I also found it hard to fit "in the system" while carrying around a huge chip on my shoulder against systems and well-intentioned experts. You see, when I was growing up in the 1960s, school professionals said I was "lazy", "undisciplined", "day dreamy" and failed to "live up to potential". They didn't know what to do with a kid who they could tell was smart but far too easily distracted, so they tried to change my behavior using pain and humiliation, which, of course, made things worse.

It wasn't until I was in my late 30s -- after a series of short-term jobs and failed relationships -- when a therapist said described "attention deficit disorder" and a doctor explained "severe depression" that I started to understand why my parents and those experts in the 60s had struggled so much to figure out what made me 'tick'.

While I still get frustrated with some aspects of my life -- such as my difficulty focusing on what needs to be done rather than being led around by moment-by-moment distractions, along with intense bouts of "keep-me-in-bed-for-weeks-at-a-time" depression -- I'm finally learning to appreciate who I am and what I have to offer the world.

In the late 1990s, I discovered the Internet (a perfect outlet for ADDers) and soon found myself spending several hours a day gathering news and information and sharing it with friends and members of Advocates for Full Community Inclusion, a listserve I started in 1997. At last, I could connect with allies in this movement! I also found myself writing more and more -- and loving it -- relying on my early days as feature editor for my high school newspaper and later as producer for a local television station.

Finally, determined to 'follow my bliss', in 1999 my wife at the time and I decided to start Inclusion Daily Express as a way to get relevant information -- with a bit of an 'edge' -- to people in a timely, organized, condensed fashion that, unlike many 'disability news' websites and services, could last more than a year or two.

On December 2, 2006, IDE will turn 7-years-old.


The first challenge -- and one I still struggle with today -- was to find a way to pay for the computers, website, email service, phone, heat, and so forth, along with a modest salary for me (to this day, I'm still working part-time outside my home office to make ends meet), while not pricing the service out of reach for the people who need and appreciate it the most. We decided on subscriptions rather than advertising because 1) many ad-based websites and news services disappeared after a short time, 2) I'm not much of a sales guy, 3) people do tend to pay more attention to something they have an investment in, and 4) I didn't want my writing to be influenced by trying to please advertisers.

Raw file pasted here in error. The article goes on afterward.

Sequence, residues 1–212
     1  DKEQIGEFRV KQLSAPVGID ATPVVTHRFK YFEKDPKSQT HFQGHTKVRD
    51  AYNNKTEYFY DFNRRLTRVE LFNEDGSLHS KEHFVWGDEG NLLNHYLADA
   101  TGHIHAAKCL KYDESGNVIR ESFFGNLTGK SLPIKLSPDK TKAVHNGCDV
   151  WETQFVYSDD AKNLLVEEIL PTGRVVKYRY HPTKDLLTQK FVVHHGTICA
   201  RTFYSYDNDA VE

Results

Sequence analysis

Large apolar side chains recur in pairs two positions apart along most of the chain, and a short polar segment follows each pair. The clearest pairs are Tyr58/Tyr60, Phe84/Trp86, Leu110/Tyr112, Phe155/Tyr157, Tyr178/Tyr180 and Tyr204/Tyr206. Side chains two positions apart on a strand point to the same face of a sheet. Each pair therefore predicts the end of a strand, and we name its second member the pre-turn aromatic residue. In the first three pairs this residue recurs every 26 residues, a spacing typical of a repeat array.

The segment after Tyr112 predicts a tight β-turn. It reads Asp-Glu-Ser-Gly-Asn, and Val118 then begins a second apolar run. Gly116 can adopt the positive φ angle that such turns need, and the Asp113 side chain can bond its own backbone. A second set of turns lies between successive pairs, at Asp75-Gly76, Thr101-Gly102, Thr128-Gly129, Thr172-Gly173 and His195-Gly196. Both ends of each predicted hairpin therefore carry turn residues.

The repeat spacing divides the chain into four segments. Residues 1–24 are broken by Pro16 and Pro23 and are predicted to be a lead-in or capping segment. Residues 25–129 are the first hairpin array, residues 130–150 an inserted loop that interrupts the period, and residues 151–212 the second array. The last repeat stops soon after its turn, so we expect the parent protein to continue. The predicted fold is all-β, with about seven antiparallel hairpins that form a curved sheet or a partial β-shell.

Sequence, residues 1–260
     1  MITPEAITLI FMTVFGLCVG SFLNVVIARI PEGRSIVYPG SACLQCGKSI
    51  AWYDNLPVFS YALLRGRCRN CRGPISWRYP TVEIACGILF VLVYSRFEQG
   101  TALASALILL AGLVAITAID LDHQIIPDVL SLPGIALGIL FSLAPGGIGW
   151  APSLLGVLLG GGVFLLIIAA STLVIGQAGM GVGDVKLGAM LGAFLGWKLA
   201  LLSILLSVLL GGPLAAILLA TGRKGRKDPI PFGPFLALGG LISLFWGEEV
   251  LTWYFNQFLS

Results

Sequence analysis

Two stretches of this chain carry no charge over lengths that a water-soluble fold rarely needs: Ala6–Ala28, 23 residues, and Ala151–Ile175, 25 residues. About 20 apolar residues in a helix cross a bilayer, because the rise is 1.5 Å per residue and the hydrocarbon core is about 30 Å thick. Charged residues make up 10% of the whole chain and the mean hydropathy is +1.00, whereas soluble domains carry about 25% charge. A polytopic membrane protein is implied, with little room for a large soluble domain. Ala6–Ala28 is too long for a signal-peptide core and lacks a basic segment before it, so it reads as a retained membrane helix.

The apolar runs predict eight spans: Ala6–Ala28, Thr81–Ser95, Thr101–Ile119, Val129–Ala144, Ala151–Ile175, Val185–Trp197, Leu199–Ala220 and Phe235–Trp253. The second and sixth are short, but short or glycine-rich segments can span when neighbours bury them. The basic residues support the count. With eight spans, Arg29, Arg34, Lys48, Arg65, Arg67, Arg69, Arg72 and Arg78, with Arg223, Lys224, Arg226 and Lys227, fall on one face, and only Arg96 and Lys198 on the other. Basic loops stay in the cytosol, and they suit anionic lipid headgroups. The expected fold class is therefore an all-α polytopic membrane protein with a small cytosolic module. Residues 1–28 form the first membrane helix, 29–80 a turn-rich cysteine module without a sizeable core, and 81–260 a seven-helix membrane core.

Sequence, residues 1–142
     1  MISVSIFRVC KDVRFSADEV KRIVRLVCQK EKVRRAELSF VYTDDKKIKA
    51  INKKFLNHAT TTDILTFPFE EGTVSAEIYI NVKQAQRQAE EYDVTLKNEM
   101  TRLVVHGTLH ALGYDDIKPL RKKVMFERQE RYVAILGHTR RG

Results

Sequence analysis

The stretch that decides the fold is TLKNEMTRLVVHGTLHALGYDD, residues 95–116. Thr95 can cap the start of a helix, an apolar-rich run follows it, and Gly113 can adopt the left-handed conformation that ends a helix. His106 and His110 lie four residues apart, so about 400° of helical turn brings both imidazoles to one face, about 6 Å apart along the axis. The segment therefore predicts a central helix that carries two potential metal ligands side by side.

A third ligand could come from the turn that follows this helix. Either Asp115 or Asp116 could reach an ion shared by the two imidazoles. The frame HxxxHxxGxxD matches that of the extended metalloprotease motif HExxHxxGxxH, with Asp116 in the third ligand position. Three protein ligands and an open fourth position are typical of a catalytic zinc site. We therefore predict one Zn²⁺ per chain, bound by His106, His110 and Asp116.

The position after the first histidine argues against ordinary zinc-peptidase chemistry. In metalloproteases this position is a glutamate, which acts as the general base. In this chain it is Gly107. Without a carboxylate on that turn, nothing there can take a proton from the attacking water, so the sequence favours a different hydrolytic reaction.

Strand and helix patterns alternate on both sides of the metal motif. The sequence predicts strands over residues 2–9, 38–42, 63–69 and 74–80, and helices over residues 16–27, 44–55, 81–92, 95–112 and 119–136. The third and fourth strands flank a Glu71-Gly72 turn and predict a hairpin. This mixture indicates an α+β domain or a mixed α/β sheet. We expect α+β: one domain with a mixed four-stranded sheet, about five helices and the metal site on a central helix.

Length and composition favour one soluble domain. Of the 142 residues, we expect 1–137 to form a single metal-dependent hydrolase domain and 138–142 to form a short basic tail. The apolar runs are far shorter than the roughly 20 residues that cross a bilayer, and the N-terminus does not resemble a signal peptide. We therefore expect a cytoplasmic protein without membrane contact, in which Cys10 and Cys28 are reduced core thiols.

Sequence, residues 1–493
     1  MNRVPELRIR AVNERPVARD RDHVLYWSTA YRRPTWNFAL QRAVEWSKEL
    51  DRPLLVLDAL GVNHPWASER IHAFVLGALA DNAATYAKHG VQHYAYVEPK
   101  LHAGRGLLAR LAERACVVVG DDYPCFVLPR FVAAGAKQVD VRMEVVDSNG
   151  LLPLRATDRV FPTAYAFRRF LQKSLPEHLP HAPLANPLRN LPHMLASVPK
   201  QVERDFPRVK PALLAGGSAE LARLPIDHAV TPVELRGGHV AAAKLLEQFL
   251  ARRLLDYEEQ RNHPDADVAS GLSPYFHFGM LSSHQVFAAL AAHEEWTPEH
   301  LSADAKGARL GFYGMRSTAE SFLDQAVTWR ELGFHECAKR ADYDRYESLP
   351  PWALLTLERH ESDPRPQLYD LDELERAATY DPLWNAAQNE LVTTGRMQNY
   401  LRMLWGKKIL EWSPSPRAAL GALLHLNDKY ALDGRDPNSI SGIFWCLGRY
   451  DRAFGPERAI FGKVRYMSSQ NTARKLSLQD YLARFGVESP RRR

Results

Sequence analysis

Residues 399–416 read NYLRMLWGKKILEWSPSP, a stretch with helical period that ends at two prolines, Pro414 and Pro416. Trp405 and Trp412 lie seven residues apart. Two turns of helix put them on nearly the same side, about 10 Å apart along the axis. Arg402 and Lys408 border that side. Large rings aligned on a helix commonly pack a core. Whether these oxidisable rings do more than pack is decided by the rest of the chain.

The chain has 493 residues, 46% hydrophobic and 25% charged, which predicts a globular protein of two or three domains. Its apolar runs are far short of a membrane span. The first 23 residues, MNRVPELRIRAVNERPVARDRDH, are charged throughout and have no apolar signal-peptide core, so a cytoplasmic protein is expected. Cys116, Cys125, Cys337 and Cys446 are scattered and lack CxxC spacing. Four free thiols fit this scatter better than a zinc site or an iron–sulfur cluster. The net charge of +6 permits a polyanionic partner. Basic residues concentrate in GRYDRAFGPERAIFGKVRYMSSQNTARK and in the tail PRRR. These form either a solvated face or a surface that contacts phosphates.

So a subscription for the daily news, or the weekly digest, is just $24.99 for three months or $89.99 for a year -- a bit less than the cost of a typical daily newspaper. And since many offices, chapters, departments and families have more than one or two people, I allow one subscription to be shared with up to 10 readers at no added charge. This way it can end up being pretty inexpensive for each reader.

People can go to the Inclusion Daily Express website and browse around to see what kinds of issues we cover and stories we follow. Then, if they see what they like, they can sign up themselves or their organizations.

Readers tell me its well worth it. Some have me send it to their friends, families, advocates, management teams, students, board members, and so forth. A few have signed up dozens or even hundreds of readers at one time -- at a substantial discount for each group.

To see whether Inclusion Daily Express meets your needs, you can sign up for a two-week mini-subscription at no charge, no obligation, and no worry that your private information will be shared.

We also provide news briefs for organizations' newsletters and websites for a reasonable rate. You can take a look at Ragged Edge Magazine or Disability Nation websites to see how that works.

We'd love to have you join us!

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Inclusion Daily Express
3231 W. Boone Ave., # 711
Spokane, Washington 99201 USA
Phone: 509-326-5811